Bluetooth comes to Covid Tracer app – Expert Reaction

A new version of the the NZ COVID Tracer app will be launched on the Apple App Store and the Google Play Store late Thursday.

The functionality is provided by the Google and Apple Exposure Notification Framework, which most Android devices and iPhones already support. The Ministry of Health says people should continue scanning in with the QR codes, as keeping a digital diary is still important in staying ahead of the fight against COVID-19.

The SMC asked experts to comment on the update. 

Dr Farkhondeh (Ferry) Hassandoust, Lecturer, Business Information Systems, AUT University, comments:

“Updating the NZ COVID-19 tracer app with Bluetooth functionality is an efficient way to alert the user when they come within close proximity of someone who has tested positive for COVID-19. In addition, the app can warn users when they have retrospectively had contact with a person who did not know they were COVID-19 infected at the time. Our newly published AUT research found that privacy was one of the most critical concerns of the general public in terms of using (or not) contact tracing applications. In the case of NZ’s COVID tracing app, privacy is built into the Bluetooth upgrade and has been endorsed by the Privacy Commissioner because of its focus on users’ privacy.

“However, despite the benefits of Bluetooth technology in the NZ COVID tracer app, there are some potential issues with this functionality. For example, environmental factors may affect the accuracy of Bluetooth. Bluetooth signals may collide with walls and be absorbed by our clothes. These factors could potentially confuse the contact tracing capabilities, making a Bluetooth device that is two metres away appear to another device as if it is 10 metres away and vice versa. Therefore, there are risks of the upgraded app showing false positives and false negatives.”

No conflict of interest.

Professor Dave Parry, Department of Computer Science, AUT, comments:

“This upgrade to the COVID tracer app follows a very similar route to that used overseas. It is using the Bluetooth model developed by Apple and Google (for android). This extension basically records a list of anonymised numbers that represent other phones that have been relatively close for a few minutes on your phone. These numbers change every few hours so you broadcast different numbers that represent your phone at different times. If someone gets notified that they have COVID, then they can choose to upload the numbers that their own phone has “seen”. Your phone checks the list of “seen” numbers every few hours. A bit like checking Lotto numbers, if one of your numbers is on the list then the app will tell you that you have potentially been in contact and that you should contact the tracing people. The QR code system is still going, that gives you a human-readable list of the places you have scanned into, the Bluetooth numbers don’t give you any meaningful information.

“Apple and Google have developed a robust, secure and privacy-preserving system and it’s good to see the NZ government adopting this. There is no real risk to privacy, at each stage you have choose to release your data and all the tracing centre knows is the original person who tests positive (which they know anyway) – if you are a potential contact, you just get an alert asking you to communicate with the tracing people. As the Ministry says, the QR codes say “where” you have been and the Bluetooth says if you have been near someone who has tested positive, (but doesn’t tell you who they are or where that happened).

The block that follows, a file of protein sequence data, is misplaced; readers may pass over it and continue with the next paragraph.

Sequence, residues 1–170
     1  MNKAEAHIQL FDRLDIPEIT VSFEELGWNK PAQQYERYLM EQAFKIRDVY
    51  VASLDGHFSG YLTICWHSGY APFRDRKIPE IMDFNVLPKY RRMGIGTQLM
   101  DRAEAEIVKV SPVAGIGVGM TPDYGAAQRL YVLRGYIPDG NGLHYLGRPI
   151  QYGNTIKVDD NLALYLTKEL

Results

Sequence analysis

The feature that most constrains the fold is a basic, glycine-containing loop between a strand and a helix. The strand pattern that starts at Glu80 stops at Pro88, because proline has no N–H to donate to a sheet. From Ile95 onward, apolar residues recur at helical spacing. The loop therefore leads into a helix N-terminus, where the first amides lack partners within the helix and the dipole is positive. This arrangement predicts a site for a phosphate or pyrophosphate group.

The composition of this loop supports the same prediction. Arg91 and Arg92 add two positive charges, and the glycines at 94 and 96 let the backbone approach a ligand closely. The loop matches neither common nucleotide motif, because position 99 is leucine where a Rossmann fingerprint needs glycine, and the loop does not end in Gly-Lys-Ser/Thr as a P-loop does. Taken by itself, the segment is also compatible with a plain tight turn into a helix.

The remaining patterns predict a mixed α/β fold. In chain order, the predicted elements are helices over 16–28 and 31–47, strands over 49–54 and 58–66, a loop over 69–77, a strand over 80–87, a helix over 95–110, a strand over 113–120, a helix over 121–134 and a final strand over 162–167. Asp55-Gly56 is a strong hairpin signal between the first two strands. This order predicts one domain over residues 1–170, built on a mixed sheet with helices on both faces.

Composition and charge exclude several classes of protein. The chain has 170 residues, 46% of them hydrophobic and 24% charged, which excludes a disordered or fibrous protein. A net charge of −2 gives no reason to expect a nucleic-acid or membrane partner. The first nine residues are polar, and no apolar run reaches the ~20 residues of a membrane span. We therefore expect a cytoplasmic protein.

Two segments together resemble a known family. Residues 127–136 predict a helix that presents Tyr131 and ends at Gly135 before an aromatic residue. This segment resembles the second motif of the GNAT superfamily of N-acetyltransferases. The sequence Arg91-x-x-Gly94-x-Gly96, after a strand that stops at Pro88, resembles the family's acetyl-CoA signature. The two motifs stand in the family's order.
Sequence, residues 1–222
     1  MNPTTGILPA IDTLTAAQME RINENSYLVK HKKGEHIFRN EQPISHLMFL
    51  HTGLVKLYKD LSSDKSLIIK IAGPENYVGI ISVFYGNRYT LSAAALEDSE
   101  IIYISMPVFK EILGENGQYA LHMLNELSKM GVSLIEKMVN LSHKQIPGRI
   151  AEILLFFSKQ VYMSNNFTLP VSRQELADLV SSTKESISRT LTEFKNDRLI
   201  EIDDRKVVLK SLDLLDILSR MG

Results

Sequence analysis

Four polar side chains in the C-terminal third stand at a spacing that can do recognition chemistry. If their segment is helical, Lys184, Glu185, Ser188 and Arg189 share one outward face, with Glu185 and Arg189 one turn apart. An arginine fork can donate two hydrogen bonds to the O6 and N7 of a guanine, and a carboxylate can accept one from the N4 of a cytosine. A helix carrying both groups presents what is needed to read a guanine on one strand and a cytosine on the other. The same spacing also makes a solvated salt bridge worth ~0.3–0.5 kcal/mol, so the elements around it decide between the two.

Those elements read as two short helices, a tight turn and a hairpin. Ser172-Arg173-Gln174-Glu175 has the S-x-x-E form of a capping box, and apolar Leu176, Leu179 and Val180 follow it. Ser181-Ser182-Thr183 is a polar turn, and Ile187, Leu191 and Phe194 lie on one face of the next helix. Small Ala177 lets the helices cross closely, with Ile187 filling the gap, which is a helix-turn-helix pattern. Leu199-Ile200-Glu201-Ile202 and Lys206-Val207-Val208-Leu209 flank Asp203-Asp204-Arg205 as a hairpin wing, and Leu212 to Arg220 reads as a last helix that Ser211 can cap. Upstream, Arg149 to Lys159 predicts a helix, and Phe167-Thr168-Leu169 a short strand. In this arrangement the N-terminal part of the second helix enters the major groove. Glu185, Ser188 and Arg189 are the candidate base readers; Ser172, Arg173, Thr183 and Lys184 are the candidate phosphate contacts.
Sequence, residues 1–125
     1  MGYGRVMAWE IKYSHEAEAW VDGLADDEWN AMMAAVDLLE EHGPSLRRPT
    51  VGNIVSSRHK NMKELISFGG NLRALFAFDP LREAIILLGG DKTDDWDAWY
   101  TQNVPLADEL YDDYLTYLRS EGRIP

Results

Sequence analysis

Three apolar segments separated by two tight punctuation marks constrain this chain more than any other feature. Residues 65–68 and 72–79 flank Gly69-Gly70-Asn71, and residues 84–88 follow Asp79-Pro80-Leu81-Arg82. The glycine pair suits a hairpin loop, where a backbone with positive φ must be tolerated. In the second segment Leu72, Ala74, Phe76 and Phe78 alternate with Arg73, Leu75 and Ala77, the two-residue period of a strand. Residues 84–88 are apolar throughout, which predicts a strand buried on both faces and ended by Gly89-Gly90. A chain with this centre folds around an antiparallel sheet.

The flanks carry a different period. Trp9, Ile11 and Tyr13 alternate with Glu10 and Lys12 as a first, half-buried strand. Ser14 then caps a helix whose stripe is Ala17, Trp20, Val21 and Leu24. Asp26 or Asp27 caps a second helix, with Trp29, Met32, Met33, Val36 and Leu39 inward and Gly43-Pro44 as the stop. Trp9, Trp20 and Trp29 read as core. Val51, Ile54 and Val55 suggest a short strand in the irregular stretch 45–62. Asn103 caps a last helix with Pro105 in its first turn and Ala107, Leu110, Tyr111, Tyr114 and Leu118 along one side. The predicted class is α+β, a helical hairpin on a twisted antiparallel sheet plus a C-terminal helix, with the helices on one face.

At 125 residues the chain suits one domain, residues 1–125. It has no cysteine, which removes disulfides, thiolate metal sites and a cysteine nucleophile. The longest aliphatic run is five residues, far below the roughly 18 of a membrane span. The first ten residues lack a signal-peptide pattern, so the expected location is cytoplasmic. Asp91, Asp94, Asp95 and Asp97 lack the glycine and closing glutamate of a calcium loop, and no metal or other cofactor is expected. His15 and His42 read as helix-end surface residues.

“It’s very good to see that the Ministry has released the source code. This is a very common way of spotting security issues – having the world-wide community of experts looking for problems and reporting them is much safer than hoping that criminals don’t find anything or assuming that the code writers have thought of everything.

“There is a possibility this approach could be extended to Bluetooth beacons and cards – like the proximity cards you use for PayWave etc. In some ways it would be easier if the QR scanning added this approach too – by having Bluetooth beacons as well. It would mean not having to get your phone out to scan the QR codes and could also let you carry a card or bracelet if you don’t have a phone. This is more than just implementing the current Apple/Google system although it is relatively simple to do. These approaches could be particularly useful in places as such as hospitals and managed isolation, to get early notification of possible transmission. In these cases you may not be as concerned with privacy so you could use the data to make a model of routine contacts even before someone tests positive, and identifying how you can reduce unnecessary contacts.”

No conflict of interest declared.

Dr Andrew Chen, Research Fellow, Koi Tū: The Centre for Informed Futures, The University of Auckland, comments:

“A multi-layered defence is critical to our approach for protecting ourselves from COVID-19. The Bluetooth Tracing functionality being added to the NZ COVID Tracer app can be one of these layers. The longer name for this function is the Apple/Google Exposure Notification Framework (ENF), which has been adopted by over 25 countries around the world. With our low case counts here, we have had the benefit of time to watch how the tool has been used in other places and learn from their experiences. While it has taken some time for the functionality to be added to our app, it’s good to add another layer of defence.